Later today, a judge will sentence Barry Cadden, a local pharmacist who was found guilty of fraud and racketeering.

In 2012, more than 60 people died and hundreds became sick after injections from Cadden’s compounding pharmacy sparked a nationwide meningitis outbreak.

The impact of the outbreak has reached far beyond those directly affected. In the aftermath, regulations on compounding pharmacies increased and insurance coverage for drugs from compounding pharmacies decreased.

One person who still feels the impact is 6-year-old Kaitlyn Ford.

“I had no issues whatsoever, early on.”

Walk into the Ford house in Wrentham and you’ll see one of Kaitlyn’s favorite toys: a kick piano. It’s the kind of piano where you lie on your back and play it with your feet.

Kaitlyn was born with a brain malformation that has left her non-verbal and with limited mobility. She loves music and this toy lets her play little jingles.

“She’ll just keep banging it and kick it,” said Kaitlyn’s dad, John Ford. “She loves it.”

When Kaitlyn was born, she struggled with seizures. Ford and his wife realized after a few months that if she stopped having carbohydrates, her seizures got better. But many medications include ingredients with carbs.

“She can't have carbohydrates in her meds,” said Ford. “So, the only way you can get that is through compounding.”

Compounding is when a drug is custom-made for one patient. The vast majority of medications are mass-produced, but when someone is allergic to an ingredient or needs a non-standard dose they go to a compounding pharmacy.

The Fords found a pharmacist that could make all seven of Kaitlyn’s medications carb-free. The drugs were expensive but insurance covered it.

“I had no issues whatsoever, early on,” said Ford.

However, that didn’t last. Soon, Ford was having trouble getting his insurance company to cover the medications. It was such a hassle that the family’s compounding pharmacy eventually turned the Fords away.

For the past several years, the Fords say they've struggled to coordinate with a new pharmacist, their doctor and the insurer's pharmacy benefit manager. Ford says despite really liking his new pharmacist, he’s often caught in a web of phone calls and paperwork trying to ensure Kaitlyn’s prescriptions get approved.

“It's literally hours. Hours that we can't really invest. We have a daughter that comes home and she needs 24-hour attention,” said Ford. “It’s like this dark cloud.”

Tightening Insurance Coverage

“Insurance companies have really clamped down on the coverage of compounded medications,” said Todd Brown, a pharmacy professor at Northeastern University and executive director of the Massachusetts Independent Pharmacists Association.

Brown says the reduction in coverage came after the meningitis outbreak at the New England Compounding Center.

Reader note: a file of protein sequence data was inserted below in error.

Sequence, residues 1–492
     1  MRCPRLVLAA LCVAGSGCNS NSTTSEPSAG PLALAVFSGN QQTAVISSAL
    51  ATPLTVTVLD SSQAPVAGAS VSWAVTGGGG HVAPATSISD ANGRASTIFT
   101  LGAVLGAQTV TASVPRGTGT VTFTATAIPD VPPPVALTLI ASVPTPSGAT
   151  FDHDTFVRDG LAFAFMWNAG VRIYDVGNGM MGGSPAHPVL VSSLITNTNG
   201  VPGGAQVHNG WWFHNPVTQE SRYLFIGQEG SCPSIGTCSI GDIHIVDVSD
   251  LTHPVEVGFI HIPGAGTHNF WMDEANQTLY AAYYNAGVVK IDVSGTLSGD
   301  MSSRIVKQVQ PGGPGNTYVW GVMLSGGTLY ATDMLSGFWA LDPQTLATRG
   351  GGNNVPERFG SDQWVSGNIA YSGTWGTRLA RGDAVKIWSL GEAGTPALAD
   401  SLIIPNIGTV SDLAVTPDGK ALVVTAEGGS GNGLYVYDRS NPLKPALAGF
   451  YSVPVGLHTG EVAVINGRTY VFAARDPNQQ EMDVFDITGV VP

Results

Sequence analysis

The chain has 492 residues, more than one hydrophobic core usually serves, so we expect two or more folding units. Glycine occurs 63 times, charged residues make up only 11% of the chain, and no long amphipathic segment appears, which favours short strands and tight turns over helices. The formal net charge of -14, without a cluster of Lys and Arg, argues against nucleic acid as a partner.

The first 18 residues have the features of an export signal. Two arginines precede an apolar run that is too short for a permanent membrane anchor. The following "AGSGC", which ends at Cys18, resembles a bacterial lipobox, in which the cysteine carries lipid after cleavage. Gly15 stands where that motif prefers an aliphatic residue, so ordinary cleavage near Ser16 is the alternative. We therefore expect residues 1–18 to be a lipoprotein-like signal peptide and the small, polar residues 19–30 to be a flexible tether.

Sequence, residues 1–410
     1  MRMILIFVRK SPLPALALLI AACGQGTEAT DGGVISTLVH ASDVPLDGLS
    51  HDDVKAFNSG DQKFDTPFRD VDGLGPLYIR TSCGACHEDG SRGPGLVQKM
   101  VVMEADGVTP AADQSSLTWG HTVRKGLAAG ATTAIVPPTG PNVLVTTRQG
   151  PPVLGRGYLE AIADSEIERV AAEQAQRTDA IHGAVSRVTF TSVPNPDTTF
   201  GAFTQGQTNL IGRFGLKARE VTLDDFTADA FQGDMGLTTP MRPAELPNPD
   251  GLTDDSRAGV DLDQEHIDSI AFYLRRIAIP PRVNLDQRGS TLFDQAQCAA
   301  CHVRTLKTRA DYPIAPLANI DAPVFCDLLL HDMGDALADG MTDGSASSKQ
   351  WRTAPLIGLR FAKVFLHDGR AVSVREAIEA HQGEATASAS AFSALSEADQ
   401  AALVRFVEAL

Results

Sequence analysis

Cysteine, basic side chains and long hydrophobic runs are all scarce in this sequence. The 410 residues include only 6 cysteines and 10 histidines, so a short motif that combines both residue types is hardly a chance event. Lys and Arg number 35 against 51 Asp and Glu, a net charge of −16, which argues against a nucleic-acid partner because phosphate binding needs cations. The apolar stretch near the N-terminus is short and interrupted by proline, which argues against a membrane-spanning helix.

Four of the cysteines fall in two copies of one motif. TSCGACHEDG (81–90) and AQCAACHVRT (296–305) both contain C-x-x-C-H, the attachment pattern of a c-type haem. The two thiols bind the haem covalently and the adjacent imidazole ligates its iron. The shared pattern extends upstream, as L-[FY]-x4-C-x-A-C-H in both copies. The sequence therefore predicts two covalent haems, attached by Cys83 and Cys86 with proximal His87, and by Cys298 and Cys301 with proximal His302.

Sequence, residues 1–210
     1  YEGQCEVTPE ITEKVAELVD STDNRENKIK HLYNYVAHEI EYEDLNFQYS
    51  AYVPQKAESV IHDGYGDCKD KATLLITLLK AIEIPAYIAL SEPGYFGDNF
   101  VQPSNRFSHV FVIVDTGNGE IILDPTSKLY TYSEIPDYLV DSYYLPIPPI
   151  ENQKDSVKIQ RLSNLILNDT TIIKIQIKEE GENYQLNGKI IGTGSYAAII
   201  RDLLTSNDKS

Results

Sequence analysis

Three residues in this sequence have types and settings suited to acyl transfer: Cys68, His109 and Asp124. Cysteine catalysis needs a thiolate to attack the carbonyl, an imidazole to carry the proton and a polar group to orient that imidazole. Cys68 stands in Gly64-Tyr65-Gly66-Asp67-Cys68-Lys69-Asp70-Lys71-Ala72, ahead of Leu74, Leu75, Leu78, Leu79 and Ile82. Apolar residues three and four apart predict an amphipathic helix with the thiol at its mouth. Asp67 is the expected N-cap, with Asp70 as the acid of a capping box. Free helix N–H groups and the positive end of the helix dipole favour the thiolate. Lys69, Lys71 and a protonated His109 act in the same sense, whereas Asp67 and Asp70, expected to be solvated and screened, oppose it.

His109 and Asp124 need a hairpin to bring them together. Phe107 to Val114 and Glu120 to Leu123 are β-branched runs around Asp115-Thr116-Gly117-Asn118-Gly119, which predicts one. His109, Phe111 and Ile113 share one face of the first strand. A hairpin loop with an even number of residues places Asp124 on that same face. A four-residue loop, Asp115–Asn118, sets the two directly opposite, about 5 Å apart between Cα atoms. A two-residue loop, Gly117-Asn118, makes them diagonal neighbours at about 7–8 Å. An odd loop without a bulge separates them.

Brown says insurers saw the headlines and they saw other compounding pharmacies taking advantage of lax rules, so they tightened compounding coverage across the board.

“I think this pendulum has swung too much,” Brown said. “I totally agree we need to weed out the bad actors, the $10,000 pain creams claims. But we also need to allow the claims that are appropriate. There are claims that should be paid and aren’t being paid by insurance.”

Without coverage for compounded medications, Brown says patients often end up needing multiple substitute drugs “or they end up taking less effective products or they end up having a procedure instead of a medication that could have solved their problem.”

Todd Brown says, “the overall result is it increases the cost of health care.”

But pharmacy benefit managers disagree.

“We’ve saved our clients over $2 billion. And we’ve reduced the cost per member for compounds by 96 percent,” said Brian Henry.

Henry works for Express Scripts, which is a large pharmacy benefit manager. They are hired by insurance companies and employers to cut pharmacy expenditures while maintaining outcomes.

Henry says his company noticed the skyrocketing cost of compounded medications. “In many instances,” he says, “there were compound drugs that were being used that were completely unnecessary and weren’t even FDA approved.”

Experts acknowledge compounded medications should be used sparingly. Since these drugs are made individually, they are often riskier than mass-produced drugs. Yet, they say, compounded drugs can be necessary.

Henry's company is not involved with the Fords' case, but — he says — if a patient demonstrates that they really do need a compounded medication, it will be covered.

However, that’s not much consolation for the Ford family.

“It's just a complete run around,” said John Ford. “My wife was in tears last week just saying: 'I don't know what else to do.'”

Right now, the family has coverage for Kaitlyn's compounds, but they say it’s a constant challenge.